Relevantly, the Code in paragraph 5 of the Table under the heading ‘Films’ provides
that:

Films (except RC films, X18+ films, R18+ films and MA15+ films) that cannot be
recommended for viewing by persons who are under 15
are to be classified ‘M’. The Code also sets out various principles to which
classification decisions should give effect, as far as possible. Section 11 of the Act
requires that the matters to be taken into account in making a decision on the
classification of a film include:

           (a) the standards of morality, decency and propriety generally accepted by
           reasonable adults; and
           (b) the literary, artistic or educational merit (if any) of the film; and
           (c) the general character of the film, including whether it is of a medical, legal
           or scientific character; and
           (d) the persons or class of persons to or amongst whom it is published or is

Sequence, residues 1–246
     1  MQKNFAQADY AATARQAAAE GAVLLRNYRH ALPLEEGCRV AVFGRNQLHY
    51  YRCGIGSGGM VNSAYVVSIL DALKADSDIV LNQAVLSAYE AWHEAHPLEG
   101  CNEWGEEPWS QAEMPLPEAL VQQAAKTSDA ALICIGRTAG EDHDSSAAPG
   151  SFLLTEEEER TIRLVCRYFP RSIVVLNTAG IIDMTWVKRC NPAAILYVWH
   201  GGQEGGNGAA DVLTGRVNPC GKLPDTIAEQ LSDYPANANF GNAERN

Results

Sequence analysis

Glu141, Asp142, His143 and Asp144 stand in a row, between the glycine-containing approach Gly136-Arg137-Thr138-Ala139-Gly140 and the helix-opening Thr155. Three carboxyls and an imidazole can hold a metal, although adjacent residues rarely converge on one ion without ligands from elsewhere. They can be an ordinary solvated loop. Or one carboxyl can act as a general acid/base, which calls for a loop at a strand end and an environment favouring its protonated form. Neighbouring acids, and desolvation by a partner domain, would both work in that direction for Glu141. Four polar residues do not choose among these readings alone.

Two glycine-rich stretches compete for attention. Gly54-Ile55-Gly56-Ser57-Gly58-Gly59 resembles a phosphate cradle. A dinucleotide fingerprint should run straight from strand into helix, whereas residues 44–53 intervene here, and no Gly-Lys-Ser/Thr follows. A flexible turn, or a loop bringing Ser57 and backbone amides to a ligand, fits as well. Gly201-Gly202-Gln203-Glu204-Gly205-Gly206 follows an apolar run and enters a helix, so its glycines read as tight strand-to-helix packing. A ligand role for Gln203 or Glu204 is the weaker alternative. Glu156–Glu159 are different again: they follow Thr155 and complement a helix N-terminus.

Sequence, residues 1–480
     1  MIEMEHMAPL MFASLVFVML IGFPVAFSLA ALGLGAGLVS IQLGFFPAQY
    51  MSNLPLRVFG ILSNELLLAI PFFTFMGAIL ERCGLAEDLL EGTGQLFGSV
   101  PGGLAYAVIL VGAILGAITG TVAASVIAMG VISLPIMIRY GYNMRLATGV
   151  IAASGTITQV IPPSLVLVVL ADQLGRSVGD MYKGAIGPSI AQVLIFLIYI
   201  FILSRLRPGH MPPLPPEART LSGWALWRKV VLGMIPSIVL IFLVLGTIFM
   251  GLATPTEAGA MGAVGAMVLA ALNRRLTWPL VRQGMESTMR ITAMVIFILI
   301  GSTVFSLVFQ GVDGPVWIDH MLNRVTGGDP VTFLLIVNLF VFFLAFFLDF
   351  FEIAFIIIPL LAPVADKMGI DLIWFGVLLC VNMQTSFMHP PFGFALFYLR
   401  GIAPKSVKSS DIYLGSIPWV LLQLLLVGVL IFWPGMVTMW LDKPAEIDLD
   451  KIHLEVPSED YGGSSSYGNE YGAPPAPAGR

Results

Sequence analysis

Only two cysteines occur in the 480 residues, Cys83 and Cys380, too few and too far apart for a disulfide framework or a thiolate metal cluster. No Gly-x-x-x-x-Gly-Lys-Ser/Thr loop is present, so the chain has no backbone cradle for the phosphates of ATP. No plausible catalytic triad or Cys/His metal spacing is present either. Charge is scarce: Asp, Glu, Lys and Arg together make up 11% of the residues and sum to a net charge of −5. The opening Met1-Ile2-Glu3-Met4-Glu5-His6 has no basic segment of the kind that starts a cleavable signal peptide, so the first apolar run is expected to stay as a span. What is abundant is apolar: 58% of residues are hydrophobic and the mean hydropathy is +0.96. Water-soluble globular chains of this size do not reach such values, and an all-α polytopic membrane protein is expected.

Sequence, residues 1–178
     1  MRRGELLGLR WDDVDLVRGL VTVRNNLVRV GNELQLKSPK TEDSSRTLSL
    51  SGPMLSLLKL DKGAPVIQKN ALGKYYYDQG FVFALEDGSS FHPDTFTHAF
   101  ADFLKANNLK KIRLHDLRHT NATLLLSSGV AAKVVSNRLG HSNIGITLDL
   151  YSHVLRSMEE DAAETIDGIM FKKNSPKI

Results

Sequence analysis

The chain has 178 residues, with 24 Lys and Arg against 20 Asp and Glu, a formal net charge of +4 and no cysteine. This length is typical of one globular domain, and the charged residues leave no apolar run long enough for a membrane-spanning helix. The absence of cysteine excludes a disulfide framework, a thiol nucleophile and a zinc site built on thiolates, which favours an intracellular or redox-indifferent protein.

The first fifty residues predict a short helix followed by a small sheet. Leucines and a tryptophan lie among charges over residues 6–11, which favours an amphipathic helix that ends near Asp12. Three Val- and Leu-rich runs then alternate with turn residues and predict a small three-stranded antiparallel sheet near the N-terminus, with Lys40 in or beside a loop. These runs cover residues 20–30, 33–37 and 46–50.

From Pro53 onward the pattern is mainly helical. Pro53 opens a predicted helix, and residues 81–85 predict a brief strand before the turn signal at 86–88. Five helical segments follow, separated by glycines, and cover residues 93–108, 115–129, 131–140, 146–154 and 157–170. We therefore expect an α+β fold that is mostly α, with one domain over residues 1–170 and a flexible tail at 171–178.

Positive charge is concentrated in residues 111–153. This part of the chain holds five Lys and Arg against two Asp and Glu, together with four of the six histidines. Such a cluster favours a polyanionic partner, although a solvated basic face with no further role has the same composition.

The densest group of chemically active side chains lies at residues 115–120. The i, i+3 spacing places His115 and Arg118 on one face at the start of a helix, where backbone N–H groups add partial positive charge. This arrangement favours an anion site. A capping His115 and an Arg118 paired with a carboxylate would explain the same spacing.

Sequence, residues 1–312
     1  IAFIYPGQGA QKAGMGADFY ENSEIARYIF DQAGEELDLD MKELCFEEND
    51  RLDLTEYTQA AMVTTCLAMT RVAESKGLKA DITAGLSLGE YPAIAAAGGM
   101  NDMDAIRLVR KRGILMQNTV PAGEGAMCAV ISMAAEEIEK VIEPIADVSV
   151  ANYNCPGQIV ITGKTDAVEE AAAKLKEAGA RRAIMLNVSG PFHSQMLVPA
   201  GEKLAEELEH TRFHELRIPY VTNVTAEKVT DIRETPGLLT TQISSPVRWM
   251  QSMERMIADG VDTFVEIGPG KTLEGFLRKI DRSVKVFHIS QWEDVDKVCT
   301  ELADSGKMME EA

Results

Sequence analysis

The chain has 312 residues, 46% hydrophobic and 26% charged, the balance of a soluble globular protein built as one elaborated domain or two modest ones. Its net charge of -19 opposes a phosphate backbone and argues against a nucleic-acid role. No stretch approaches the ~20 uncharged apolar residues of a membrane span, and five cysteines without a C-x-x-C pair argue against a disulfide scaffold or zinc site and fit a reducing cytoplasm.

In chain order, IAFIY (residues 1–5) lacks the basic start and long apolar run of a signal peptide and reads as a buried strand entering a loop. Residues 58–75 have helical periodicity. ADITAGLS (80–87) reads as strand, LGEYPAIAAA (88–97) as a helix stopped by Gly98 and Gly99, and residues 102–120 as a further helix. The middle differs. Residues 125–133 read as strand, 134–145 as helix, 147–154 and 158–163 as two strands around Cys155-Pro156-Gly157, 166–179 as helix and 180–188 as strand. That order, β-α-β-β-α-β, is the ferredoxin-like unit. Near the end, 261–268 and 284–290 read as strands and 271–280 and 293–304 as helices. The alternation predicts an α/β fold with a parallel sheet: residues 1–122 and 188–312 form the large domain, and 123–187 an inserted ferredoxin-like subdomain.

intended or likely to be published.
Three essential principles underlie the use of the 2005 Guidelines for the
Classification of Films and Computer Games (the Guidelines), determined under s.12
of the Act:
   •       The importance of context;
   •       The assessment of impact;
   •       And the six classifiable elements – themes, violence, sex, language, drug use
           and nudity.

3. Procedure

The Review Board convened on 23 November 2005 to determine the validity of the
application for review from, Roadshow Films, received on 10 November 2005, view
the film and consider the substance of the application. Six members of the Review